For future internet outages, Elnitiarta said she and her editors will be more prepared by using personal hotspots to avoid canceling a future Tuesday yearbook production night. 

Suffice to say, the yearbook staff still met their deadline.

– Journalism 1 student, freshman Emily Lee, contributed to this story.

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About the Contributors
Alexxa Berumen, Spotlight Editor
Junior Alexxa Berumen returns for her second year on staff as the special sections editor after dedicating her sophomore year to her feature editor position. She hopes to expand the topics the publication focuses on during her year of working in the spotlight section. Berumen has earned several Best of SNO awards starting her freshman year, as well as 2 honorable mentions for stories written in the 2022-2023 school year. Outside of The Accolade, she enjoys volunteering, reading and listening to music.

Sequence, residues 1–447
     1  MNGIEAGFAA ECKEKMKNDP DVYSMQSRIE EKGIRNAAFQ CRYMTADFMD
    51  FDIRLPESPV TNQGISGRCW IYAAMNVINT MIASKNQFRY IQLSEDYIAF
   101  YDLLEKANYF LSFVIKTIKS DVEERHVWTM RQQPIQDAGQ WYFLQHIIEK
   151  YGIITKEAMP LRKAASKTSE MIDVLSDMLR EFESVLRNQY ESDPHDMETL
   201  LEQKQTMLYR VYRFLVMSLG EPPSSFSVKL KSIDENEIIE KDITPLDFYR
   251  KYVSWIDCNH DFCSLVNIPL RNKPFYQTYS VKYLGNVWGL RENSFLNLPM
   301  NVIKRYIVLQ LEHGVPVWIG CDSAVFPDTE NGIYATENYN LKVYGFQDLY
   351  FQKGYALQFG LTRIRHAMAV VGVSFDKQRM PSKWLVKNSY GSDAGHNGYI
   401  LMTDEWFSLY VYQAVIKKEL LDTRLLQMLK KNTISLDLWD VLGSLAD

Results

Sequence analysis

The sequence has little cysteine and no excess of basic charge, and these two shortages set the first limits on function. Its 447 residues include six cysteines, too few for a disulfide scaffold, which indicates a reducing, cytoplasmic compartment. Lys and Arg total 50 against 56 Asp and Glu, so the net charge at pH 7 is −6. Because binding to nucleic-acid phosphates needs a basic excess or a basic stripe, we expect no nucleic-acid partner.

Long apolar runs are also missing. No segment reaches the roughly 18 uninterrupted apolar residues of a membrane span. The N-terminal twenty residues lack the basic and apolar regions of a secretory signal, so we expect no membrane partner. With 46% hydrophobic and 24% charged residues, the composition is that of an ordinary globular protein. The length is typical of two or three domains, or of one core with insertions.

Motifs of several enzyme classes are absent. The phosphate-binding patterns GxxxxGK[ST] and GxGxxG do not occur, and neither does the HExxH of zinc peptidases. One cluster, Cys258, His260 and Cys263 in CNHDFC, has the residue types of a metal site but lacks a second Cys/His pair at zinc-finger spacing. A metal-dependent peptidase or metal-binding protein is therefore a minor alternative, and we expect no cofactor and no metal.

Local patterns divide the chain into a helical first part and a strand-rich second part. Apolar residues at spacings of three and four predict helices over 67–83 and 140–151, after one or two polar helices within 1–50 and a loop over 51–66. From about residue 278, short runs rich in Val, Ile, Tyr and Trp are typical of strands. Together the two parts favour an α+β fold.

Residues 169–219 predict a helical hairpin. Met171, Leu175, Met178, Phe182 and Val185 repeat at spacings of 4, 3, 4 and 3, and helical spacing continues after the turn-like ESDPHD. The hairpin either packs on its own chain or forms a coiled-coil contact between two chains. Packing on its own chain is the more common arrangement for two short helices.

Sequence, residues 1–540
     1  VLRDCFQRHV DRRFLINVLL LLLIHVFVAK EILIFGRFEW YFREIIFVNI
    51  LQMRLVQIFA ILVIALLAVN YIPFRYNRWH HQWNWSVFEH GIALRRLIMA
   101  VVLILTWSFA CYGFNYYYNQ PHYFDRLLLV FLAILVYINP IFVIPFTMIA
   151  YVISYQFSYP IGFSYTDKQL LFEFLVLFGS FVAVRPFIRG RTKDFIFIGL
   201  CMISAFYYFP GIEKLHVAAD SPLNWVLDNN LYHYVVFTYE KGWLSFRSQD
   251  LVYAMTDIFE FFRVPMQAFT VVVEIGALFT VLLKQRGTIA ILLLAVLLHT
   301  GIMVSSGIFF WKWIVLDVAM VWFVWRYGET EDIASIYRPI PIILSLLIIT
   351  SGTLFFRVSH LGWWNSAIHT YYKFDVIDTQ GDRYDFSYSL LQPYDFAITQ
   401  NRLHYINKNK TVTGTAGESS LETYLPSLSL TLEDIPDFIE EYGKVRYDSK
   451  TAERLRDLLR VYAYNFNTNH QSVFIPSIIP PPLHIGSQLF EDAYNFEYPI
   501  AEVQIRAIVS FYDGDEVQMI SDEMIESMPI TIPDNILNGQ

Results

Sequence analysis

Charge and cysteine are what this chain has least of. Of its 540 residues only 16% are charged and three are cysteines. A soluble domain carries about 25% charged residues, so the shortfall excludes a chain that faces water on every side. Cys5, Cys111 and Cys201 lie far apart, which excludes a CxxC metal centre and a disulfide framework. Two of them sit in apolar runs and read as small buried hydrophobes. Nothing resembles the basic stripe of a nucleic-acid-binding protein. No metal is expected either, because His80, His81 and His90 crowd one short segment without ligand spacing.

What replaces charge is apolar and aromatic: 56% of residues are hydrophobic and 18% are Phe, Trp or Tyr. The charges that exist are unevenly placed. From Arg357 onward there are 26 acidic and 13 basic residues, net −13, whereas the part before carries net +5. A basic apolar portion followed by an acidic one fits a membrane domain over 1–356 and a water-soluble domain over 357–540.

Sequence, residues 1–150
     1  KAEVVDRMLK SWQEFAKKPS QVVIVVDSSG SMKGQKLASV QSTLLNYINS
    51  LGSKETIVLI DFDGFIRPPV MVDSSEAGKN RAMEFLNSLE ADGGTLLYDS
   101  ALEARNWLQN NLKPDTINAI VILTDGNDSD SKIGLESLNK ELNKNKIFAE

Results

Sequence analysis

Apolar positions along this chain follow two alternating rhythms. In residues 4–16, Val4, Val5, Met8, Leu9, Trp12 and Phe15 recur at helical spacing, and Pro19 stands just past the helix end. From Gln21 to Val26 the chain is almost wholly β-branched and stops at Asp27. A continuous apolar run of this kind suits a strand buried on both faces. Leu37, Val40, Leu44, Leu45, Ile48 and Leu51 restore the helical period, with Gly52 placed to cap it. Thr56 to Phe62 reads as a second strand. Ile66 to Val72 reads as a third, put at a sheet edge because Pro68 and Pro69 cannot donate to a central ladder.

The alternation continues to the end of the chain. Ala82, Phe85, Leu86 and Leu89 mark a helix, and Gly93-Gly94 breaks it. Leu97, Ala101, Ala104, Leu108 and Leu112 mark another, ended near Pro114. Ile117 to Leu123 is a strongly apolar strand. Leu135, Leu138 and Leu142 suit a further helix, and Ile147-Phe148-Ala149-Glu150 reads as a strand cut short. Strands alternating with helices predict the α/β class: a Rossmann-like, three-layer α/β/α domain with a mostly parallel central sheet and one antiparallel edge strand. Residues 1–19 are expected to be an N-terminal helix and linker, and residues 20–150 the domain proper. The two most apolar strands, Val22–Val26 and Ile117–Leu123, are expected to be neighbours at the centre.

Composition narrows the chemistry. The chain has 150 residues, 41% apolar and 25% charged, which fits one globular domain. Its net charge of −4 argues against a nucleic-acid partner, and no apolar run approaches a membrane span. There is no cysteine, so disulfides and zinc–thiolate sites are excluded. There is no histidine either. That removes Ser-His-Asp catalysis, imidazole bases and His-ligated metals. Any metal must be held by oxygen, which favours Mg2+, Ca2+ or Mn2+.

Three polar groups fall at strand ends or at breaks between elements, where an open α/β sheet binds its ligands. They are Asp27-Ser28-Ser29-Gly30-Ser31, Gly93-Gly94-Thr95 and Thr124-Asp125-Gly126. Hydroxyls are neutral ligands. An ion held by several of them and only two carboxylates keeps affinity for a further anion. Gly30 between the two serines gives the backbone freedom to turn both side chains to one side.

Seowon Han, Spotlight Editor & Business Manager
After an exciting year as a part of The Accolade staff, junior Seowon Han returns as a spotlight editor and business manager. Han served as a cub reporter her freshman year in Journalism 1 and joined The Accolade as a copy editor the following year. She experienced writing for every section and covered a range of topics. This year, Han looks forward to maintaining her section with fresh and relevant themes and stories to keep the readers informed with accurate news. Outside of The Accolade, Han is involved with several clubs on campus as a cabinet member and plays the flute as part of the Symphonic Band. In her spare time, she enjoys listening to and playing music.